Medtronic has received an investigational device exemption (IDE) from the US Food and Drug Administration (FDA) to initiate a study of the In.Pact Admiral drug-coated balloon for a potential new indication in patients with end-stage renal disease.
The randomised study will evaluate the In.Pact Admiral drug-coated balloon as a treatment for failing arteriovenous fistulas in these patients as compared to plain balloon angioplasty. The IDE approval enables Medtronic to initiate the study and gain safety and effectiveness data for the device in this investigational indication.
“In the past, when the arteriovenous access site became narrowed, the only option was use of a standard percutaneous transluminal angioplasty balloon to re-open and regain access for dialysis. This would often result in restenosis and high rates of reintervention,” says Andrew Holden, director of interventional radiology at Auckland Hospital and associate professor of radiology at Auckland University, Auckland, New Zealand. “Patients on dialysis need alternatives to help reduce and manage stenoses of their arteriovenous access sites. It is important to effectively evaluate options such as this drug-coated balloon, which already has clinical evidence in patients with peripheral artery disease in the upper leg. ”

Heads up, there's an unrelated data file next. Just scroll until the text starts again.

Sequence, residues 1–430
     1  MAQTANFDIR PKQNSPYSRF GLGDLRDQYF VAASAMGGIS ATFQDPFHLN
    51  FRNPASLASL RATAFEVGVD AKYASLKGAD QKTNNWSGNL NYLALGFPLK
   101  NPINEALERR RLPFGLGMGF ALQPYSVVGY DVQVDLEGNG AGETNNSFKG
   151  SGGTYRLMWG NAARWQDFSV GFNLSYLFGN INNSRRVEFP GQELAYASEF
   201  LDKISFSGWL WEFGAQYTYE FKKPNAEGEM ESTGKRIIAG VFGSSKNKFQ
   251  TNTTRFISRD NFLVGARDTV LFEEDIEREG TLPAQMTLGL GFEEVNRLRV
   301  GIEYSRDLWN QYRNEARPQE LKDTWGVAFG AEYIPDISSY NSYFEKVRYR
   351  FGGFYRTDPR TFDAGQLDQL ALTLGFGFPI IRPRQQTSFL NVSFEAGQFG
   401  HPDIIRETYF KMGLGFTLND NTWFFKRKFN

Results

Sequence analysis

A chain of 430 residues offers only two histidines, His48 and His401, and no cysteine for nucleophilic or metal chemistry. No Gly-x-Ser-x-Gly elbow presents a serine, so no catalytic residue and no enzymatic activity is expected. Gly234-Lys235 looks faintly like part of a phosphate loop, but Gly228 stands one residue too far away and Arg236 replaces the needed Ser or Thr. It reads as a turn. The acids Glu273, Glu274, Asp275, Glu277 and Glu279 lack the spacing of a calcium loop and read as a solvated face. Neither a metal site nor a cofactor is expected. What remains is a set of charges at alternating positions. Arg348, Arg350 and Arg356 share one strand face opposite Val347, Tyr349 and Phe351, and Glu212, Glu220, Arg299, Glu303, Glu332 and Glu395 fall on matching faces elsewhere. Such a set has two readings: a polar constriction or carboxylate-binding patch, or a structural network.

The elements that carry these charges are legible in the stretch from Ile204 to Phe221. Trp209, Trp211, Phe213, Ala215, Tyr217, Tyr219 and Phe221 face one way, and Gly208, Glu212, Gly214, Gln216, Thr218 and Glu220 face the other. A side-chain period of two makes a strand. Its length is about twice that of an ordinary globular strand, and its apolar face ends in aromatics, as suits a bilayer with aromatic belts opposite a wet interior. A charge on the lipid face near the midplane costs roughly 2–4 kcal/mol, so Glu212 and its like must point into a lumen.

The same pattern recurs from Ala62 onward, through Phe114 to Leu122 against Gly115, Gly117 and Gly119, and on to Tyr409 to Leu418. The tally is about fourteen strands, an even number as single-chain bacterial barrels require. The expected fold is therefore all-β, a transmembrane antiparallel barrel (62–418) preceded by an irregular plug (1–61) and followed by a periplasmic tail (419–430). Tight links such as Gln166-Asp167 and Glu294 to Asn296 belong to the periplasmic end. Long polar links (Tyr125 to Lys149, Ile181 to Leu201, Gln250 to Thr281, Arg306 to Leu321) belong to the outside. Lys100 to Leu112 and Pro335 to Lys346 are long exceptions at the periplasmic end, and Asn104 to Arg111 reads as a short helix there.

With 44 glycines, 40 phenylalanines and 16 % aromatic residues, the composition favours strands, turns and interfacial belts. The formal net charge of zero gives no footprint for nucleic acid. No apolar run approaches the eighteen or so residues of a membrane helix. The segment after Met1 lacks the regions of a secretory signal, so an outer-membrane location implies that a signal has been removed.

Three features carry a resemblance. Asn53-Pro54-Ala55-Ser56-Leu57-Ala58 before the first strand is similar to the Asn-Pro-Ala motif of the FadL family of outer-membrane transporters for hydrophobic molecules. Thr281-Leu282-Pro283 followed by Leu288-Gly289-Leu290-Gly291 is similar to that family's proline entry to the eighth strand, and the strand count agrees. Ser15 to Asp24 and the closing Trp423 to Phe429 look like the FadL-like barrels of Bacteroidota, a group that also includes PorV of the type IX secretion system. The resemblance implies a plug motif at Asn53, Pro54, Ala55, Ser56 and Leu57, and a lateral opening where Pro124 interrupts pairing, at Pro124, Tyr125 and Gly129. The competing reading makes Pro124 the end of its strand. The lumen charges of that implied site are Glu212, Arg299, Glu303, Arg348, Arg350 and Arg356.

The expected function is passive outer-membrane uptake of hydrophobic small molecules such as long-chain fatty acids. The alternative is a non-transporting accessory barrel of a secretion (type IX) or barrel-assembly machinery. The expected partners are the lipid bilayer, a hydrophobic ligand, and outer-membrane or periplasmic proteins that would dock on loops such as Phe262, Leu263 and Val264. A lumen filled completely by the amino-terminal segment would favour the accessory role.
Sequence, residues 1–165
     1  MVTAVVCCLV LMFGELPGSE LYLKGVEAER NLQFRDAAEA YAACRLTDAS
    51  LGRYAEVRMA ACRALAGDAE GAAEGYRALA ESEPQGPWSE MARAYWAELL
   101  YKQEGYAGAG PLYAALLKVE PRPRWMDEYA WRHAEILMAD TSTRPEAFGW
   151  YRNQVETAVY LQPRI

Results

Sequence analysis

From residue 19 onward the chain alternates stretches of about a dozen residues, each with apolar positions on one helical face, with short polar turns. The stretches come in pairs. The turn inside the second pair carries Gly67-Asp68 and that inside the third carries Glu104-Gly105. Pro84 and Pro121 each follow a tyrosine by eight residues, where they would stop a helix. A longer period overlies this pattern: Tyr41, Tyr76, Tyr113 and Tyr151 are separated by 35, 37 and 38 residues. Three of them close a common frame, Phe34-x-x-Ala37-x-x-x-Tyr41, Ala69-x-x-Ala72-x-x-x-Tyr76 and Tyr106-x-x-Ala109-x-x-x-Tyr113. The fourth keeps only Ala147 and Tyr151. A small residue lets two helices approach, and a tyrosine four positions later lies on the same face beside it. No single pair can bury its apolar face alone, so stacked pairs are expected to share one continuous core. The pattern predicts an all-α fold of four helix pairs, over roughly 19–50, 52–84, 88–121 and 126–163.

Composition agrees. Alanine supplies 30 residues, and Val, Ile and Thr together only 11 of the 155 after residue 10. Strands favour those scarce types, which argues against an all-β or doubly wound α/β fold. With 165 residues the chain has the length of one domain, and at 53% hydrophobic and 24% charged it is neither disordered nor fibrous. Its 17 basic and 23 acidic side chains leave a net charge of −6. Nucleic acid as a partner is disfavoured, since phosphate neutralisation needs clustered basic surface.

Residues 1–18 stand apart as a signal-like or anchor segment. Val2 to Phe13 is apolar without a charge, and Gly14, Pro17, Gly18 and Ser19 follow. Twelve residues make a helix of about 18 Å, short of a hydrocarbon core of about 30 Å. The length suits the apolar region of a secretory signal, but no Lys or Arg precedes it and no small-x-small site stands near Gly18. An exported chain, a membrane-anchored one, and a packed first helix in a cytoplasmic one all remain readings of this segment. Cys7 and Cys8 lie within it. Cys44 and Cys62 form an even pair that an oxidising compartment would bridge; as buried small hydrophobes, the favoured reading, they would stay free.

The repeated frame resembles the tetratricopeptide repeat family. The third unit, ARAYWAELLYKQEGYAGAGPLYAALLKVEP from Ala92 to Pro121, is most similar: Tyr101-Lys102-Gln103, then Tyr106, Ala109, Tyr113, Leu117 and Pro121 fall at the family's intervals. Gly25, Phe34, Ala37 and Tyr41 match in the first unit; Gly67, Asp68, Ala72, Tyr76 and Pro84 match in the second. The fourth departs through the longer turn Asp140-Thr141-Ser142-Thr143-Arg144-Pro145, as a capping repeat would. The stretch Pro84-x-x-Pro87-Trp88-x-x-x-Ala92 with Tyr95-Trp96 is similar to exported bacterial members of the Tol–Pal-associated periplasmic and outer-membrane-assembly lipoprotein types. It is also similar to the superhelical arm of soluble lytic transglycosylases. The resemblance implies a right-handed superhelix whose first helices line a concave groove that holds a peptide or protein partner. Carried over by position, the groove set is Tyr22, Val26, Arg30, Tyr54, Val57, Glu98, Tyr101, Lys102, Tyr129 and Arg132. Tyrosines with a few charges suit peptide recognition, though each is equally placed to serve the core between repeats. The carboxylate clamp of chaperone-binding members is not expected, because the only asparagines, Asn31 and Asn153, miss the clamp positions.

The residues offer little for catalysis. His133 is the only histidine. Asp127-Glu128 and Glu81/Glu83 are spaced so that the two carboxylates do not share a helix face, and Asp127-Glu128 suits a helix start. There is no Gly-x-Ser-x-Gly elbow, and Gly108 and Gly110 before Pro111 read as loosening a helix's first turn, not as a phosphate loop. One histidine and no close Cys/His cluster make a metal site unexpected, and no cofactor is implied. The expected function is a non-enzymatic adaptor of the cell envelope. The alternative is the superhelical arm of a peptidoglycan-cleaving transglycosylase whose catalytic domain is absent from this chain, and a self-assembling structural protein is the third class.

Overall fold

The study will aim to enrol 330 patients with a 1:1 randomisation to either treatment with In.Pact Admiral drug-coated balloon or standard balloon angioplasty. The primary efficacy endpoint is patency of dialysis fistulas through six months and the primary safety endpoint is major adverse events through 30 days. Additional endpoints include reducing access circuit related events including repeat procedures.